governments shall be subject to extensive consultation with the people on the ground, thus, we will leave this matter
for the Constitutional Convention or Constituent Assembly to finally settle.
Dr. Ed Araral, Vice Dean, Lee Kuan Yew School of Public Policy, National University of Singapore
members of the Judiciary, nominate and with the consent of the Federal Assembly, appoint the
Prime Minister and he/she can dissolve the Federal Assembly depending on certain conditions,
and call for new elections. Given these powers, the President will be insulated from day-to-day
politics and act as an elder statesman. The President is given a maximum of two 5-year terms.

The Prime Minister, on the other hand, shall be the Head of Government and he shall now
handle the day-to-day affairs of government. It is now the Prime Minister who will set domestic
and economic policy and control public finances. He/she should be a member of the majority party
or ruling coalition in the Federal Assembly in order to be appointed by the President as Prime
Minister. He/she is responsible for the program of Government and determines the guidelines of
national policy, appoints members of his/her Cabinet and other officials except those appointed by
the President, and prepares the National Expenditure Program and submits it to the Federal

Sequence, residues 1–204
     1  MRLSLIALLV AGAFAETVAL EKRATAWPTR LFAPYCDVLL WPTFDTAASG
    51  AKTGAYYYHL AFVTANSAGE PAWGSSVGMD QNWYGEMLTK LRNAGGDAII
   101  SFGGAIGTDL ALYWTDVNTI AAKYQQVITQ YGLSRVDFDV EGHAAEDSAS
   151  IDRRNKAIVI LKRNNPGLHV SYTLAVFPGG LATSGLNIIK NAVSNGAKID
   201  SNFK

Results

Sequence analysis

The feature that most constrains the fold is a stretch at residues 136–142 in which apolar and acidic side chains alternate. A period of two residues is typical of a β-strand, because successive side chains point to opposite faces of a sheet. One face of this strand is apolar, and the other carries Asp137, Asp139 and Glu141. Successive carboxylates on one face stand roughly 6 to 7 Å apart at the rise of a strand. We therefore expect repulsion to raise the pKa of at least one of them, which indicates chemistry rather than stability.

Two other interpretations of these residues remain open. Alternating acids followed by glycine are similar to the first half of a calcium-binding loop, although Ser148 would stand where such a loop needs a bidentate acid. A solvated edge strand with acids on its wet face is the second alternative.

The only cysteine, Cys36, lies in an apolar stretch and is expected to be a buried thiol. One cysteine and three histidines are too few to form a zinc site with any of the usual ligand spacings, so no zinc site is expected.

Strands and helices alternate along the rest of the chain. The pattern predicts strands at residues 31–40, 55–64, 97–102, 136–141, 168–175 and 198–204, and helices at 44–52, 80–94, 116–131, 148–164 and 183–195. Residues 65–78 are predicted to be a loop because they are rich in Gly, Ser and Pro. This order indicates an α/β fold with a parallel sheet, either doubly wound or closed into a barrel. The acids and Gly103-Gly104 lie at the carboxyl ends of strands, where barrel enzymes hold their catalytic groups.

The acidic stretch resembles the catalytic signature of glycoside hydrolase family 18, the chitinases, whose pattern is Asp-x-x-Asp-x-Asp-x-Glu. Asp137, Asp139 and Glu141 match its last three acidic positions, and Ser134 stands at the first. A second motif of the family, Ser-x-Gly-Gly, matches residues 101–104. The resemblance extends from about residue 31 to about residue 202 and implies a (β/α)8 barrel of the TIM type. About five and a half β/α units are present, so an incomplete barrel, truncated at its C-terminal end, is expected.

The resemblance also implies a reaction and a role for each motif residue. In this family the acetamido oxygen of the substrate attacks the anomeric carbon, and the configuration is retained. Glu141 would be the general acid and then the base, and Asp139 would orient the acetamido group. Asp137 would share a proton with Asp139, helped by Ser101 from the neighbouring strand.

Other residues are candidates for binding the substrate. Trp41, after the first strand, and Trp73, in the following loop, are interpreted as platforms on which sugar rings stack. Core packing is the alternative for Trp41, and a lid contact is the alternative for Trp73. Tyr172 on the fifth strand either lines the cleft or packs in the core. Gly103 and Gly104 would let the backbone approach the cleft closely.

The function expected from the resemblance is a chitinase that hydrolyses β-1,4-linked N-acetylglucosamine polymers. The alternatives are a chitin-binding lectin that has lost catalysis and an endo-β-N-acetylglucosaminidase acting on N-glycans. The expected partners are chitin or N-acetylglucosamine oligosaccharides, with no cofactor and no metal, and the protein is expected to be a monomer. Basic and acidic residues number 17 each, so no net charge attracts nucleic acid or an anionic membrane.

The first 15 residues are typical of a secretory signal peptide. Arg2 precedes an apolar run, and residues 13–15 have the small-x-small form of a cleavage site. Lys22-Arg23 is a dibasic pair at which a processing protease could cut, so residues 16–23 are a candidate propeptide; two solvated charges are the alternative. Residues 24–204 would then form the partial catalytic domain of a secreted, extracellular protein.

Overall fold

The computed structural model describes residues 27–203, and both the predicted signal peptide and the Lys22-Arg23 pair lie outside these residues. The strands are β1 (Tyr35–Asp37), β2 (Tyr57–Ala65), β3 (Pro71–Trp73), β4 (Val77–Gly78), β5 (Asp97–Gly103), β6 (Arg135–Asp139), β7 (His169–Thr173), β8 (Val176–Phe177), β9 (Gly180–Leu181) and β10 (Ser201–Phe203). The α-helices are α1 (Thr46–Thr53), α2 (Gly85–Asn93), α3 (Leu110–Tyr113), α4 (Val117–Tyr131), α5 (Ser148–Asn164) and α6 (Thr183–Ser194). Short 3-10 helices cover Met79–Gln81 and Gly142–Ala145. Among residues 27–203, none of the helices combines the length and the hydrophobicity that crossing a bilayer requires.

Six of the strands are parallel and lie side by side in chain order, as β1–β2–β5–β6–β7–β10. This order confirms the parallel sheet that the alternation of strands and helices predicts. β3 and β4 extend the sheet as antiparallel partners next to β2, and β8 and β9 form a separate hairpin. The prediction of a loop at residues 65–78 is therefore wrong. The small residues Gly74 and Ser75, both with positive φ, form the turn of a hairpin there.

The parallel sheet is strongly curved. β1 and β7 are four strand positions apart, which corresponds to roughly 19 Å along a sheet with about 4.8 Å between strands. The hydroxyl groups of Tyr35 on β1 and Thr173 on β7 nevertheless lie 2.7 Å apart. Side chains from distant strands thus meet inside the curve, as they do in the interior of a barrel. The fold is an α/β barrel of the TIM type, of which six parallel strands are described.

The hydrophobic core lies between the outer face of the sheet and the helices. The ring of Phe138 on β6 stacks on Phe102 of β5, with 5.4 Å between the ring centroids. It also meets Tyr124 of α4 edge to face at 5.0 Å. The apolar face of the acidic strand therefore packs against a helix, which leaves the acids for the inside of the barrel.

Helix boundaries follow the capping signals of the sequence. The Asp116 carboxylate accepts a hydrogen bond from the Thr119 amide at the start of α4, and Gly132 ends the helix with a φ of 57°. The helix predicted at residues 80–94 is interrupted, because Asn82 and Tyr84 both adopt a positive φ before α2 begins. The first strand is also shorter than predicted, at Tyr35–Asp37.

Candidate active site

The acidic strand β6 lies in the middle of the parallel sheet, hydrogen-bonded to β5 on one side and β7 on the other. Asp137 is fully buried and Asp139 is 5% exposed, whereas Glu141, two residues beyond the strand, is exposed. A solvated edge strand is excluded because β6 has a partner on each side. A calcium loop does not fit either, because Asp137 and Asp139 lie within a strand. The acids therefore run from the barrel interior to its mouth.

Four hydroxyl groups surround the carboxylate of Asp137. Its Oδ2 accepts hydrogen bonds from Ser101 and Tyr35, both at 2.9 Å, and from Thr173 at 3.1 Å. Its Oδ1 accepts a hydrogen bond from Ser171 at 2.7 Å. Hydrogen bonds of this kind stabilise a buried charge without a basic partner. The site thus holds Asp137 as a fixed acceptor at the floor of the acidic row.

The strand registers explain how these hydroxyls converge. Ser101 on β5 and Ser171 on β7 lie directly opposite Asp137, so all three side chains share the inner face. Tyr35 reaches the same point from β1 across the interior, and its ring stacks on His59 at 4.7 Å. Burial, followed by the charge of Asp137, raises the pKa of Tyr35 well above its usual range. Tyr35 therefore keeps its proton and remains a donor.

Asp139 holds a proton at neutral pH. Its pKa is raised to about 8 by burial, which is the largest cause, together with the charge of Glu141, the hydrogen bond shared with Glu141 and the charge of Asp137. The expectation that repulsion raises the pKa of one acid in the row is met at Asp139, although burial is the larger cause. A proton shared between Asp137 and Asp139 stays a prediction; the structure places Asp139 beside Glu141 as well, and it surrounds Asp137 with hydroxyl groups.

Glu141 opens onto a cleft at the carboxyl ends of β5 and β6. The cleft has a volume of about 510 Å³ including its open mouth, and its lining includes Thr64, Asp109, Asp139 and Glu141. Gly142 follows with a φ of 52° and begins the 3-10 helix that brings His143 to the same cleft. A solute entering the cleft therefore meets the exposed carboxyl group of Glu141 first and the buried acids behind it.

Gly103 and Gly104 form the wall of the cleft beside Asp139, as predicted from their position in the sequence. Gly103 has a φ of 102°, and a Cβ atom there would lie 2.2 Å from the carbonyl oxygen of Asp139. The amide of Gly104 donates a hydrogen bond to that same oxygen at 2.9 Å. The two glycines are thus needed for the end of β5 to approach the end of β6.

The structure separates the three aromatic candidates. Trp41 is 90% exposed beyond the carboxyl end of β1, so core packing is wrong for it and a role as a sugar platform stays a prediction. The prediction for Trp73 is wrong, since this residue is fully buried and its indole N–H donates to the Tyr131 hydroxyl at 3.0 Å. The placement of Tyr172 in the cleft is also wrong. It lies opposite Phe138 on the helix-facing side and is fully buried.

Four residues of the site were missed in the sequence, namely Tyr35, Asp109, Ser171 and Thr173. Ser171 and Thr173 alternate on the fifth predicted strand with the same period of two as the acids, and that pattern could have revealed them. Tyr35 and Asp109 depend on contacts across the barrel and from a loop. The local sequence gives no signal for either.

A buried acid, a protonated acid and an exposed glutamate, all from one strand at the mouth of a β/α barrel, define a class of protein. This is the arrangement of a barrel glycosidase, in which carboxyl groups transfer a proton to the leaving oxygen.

Assembly for approval.

The Parliament. It is proposed that the present Bicameral legislature be retained but with
different names, powers, and functions. Legislative power shall be vested in Parliament which
shall have two houses or chambers the Federal Assembly and the Senate.

Under the hybrid Parliamentary system, primary legislative power is vested on the Federal
Assembly which will be composed of 400 members 60% elected by plurality votes in Legislative
Electoral Districts and 40% elected through the Proportional Representation system of accredited
national political parties.7 The Federal Assembly shall have the power to initiate legislation which
shall go through the mandatory 3-readings. The Prime Minister shall also come from the Federal
Assembly together with the Cabinet, a majority of which shall come from the Assembly.

The Senate shall now be elected by region just like in other Federal countries. In the
exercise of its legislative powers, the Senate shall concur on all bills and resolutions passed by
Federal Assembly before it becomes law. But in order to avoid the duplication of functions
between the two chambers and to streamline the legislative process, the 3-reading rule shall no
longer apply to the Senate. One reading shall suffice. Moreover, it cannot initiate legislation. The
power of the Senate shall be limited to the review of bills passed by the Federal Assembly.8

Instead of a bicameral Commission on Appointments, it shall now be the Senate who shall
confirm appointments made by the President and Prime Minister to the Cabinet (except when the
nominee is a member of Parliament) and to other positions (e.g. Constitutional Commissions) that